Sorry about that.

One problem I have with Black Sabbath is that the 3 tales don’t really come together as a whole(certainly not in the way that a wonderful Amicus anthology would, for example). The Telephone and The Last Drop have a similar theme I suppose, as both women are terrorised by real or imagined horrors in the supposed safety of their homes, but then where is The Wurdalak – a gothic, medieval vampire tale – meant to fit in?

So as I said, I was underwhelmed by Black Sabbath. The Wurdalak was the only highlight for me with its on-form Karloff, foreboding atmosphere and some genuinely imaginative cinematography. I’m not the kind of person who ever scores films out of 10 - that method is way too simple and easy, and I’ll fight until my dying breath before a review of mine ends in such a way - but If I was to mark the 3 tales individually, I’d give them a 4, 6 and 5 respectively. 15/30 then. Which is 5/10.

Oh, and I almost forget the end – where, for some bizarre reason the camera pulls away to reveal that Karloff is actually on a fake horse, and we see all the special effects guys and scenery shifters around him. If I’d been enjoying the film this would have ruined it.

Ile Trailero:




That last film I watched, 'Eden Lake', affected me no end. My nights are now filled with awful nightmares of murderous kids chasing me through an endless forest.

And now my waking hours are being invaded - haunted even - by ghostly children as the wind that whistles through the igloo now sounds to my fragile mind like children's laughter. Menacing. Mocking. Malevolent. Murderous. And bloody annoying.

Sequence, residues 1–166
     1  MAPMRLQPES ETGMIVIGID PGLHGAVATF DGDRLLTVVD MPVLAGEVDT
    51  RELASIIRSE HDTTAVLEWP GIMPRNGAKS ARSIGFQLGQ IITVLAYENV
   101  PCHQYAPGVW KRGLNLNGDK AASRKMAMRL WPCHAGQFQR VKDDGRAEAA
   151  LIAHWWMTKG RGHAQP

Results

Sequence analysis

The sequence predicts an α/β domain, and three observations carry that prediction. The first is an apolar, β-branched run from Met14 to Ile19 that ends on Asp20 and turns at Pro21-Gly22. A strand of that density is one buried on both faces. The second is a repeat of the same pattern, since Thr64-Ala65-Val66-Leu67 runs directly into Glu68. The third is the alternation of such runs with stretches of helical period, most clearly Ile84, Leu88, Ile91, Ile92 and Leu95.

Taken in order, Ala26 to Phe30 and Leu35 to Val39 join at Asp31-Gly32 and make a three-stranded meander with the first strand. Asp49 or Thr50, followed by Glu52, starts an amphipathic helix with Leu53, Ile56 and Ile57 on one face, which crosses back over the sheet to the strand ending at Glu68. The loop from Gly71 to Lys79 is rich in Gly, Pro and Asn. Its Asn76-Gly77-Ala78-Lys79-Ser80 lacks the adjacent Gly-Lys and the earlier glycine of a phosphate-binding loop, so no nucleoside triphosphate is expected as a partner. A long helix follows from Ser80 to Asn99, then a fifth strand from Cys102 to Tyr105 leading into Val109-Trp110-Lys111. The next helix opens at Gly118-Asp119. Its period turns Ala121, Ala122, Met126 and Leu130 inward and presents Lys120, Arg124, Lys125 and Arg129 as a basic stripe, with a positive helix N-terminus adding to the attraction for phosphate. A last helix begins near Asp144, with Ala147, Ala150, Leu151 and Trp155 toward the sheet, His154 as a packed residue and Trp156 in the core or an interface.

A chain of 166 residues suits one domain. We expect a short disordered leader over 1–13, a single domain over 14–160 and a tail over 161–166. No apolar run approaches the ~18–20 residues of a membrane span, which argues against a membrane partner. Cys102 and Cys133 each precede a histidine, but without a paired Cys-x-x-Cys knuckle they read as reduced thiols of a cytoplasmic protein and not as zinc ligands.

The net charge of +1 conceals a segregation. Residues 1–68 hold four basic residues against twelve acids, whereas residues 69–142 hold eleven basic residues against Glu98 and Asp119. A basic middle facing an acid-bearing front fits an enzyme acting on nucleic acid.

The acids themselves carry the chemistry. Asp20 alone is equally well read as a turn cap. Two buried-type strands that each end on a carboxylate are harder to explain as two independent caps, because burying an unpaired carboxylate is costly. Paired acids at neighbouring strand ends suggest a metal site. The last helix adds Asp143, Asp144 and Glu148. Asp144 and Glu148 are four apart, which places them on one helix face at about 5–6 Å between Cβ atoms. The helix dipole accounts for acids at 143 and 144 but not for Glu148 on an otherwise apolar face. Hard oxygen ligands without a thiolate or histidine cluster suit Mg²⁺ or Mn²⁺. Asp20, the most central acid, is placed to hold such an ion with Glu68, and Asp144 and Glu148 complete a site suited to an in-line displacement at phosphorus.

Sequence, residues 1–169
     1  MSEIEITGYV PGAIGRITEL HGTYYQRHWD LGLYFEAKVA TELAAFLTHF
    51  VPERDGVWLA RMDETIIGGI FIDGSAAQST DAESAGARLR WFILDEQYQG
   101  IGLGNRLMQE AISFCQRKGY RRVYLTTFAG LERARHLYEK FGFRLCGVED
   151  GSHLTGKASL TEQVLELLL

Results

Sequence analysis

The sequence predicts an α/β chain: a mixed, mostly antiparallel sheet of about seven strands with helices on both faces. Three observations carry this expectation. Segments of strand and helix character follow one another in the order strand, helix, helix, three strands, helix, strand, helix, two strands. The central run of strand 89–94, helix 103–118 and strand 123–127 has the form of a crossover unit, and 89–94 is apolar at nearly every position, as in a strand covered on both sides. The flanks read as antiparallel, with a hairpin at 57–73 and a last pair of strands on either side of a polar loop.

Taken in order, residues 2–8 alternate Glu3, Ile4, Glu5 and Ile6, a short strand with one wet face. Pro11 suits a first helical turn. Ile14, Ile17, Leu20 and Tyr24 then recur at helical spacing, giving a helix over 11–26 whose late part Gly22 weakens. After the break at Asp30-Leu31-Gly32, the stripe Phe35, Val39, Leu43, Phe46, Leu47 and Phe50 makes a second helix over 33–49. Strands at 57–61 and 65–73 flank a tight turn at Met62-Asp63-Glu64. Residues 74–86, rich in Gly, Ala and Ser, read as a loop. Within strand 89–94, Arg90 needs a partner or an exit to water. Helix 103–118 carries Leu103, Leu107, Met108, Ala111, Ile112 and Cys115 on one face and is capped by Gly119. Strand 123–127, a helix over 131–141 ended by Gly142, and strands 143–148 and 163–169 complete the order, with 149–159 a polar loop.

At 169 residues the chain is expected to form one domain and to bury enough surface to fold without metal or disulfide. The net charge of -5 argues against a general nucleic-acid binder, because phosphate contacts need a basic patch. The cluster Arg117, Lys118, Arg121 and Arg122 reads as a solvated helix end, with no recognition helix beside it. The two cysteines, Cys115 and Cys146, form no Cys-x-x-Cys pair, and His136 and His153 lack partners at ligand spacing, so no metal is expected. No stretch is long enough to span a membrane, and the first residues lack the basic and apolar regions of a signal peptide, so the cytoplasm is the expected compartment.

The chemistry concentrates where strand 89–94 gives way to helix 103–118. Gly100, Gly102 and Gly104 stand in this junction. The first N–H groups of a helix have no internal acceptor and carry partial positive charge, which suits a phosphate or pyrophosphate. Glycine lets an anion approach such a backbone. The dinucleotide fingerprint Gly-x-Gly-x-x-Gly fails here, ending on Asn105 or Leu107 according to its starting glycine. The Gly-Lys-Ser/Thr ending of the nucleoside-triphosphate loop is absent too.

So I pray for something to take my mind off this macabre train of thought. I note that I haven't had an old classic horror to watch for a while. Something from the 40's or 50's would be a welcome piece of nostalgia for me to enjoy, for example.

Aha! Here comes today's film, and I think I'm in luck! Unless I'm very much mistaken I can see the faint outline of Boris Karloff appearing through the static...


My name is The Igloo Keeper and I am a horror fan. I watch 30 or 40 new horror films a year knowing that most of them will be rubbish. I do this because 7 or 8 will be worth watching. A couple will be great.

The Children is directed by Tom Shankland, whose previous film, Waz, you might know by its alternate tiles Wdelta Z or The Killing Gene. Don’t get me started on alternate titles.